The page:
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One of the anchors of the Melrose Triangle, Terra Plata is about a commitment to local producers. In chef/owner Tamara Murphy's words: "We’re not Spanish. We’re not Italian. It’s about what’s fresh and what we feel like cooking that day. The menu will always be changing, always evolving". Don't miss the rooftop garden, where Murphy is often found grilling during the warmer months.

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Tsukushinbo

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A tiny, unmarked hole in the wall, Tsukushinbo is the go-to for authentic Japanese food in the International District. There's a sushi bar and handful of tables that fill-up within moments of the doors swinging open. If you don't have a reservation, your wait might be a long one (and there's no waiting room). Needing your GPS to find the place is part of its charm, because you won't want people knowing where it is.

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The Walrus and the Carpenter

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Yes, the oysters are delicious (just ask Frank Bruni). But Renee Erickson's oyster bar also offers seemingly simple small plates of seafood and beautiful in-season fare that keep the tucked-away dining room reliably packed. Show up the minute doors open or settle in for waits of an hour or more.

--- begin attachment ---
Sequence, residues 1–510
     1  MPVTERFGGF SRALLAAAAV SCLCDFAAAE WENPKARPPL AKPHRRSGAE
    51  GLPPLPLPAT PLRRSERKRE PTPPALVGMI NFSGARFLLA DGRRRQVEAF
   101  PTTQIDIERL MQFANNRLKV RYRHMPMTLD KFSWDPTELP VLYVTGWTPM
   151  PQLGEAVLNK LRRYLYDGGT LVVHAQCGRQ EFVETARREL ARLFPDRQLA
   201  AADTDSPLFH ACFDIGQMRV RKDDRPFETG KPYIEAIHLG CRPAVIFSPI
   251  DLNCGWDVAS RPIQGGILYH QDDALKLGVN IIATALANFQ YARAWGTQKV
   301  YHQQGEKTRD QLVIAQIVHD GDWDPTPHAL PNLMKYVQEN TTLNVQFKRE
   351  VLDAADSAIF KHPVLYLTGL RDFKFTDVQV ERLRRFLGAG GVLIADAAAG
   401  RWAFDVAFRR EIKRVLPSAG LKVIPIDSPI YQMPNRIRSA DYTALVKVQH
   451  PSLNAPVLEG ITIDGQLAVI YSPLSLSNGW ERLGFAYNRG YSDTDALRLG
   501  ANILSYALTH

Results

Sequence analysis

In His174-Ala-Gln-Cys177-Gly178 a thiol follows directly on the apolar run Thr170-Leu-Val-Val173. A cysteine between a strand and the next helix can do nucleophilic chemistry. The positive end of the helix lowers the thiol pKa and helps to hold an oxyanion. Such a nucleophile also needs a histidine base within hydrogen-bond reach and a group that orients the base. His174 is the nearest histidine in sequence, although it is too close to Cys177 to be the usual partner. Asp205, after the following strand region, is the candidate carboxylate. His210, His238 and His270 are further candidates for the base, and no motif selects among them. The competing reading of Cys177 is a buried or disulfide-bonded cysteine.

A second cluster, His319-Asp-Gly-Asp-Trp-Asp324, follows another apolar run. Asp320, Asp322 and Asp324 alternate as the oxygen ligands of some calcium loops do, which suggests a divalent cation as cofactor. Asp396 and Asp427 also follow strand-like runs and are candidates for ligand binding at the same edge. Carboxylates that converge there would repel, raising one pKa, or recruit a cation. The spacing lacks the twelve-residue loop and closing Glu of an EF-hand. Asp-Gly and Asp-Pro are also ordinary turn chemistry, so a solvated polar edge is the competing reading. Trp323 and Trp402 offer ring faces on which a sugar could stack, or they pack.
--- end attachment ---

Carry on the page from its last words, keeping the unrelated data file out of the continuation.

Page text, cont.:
The Whale Wins

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Erickson's Walrus follow-up made a big splash when it opened in the Fremont Collective in October, 2012. Recently, Bon Appetit named it one of the 10 Best New Restaurants in America 2013. Here, in this charming, cheery place, expect an abundance of delicious seasonal vegetables, wood oven-fired meats and fish, pickled treats and fresh baked desserts — favorites from Erickson's childhood and European travels.

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Art of the Table

Chef Dustin Ronspies quietly runs his weekly supper club that offers a special occasion dining experience at terrific prices. They've quietly instituted a full bar and more casual, no reservation nights. A coveted seat at the open kitchen is the best seat in the house.

Bakery Nouveau

The lines haven't let up much since nationally acclaimed baker William Leaman opened shop in December 2007. The homemade breads, pastries and candies are unparalleled in Seattle and totally worth the wait. April saw the opening of a second location on Capitol Hill.

[Photo Credit]

Bar Del Corso

Bar del Corso's Jerry Corso built a reputation for himself in kitchens around Seattle and now has a place, and a pizza oven, to call his own. Crowds descend upon his Beacon Hill storefront for wood-fired Neapolitan-style pies and "cucina" with a Northwest seasonal flare.

Bar Sajor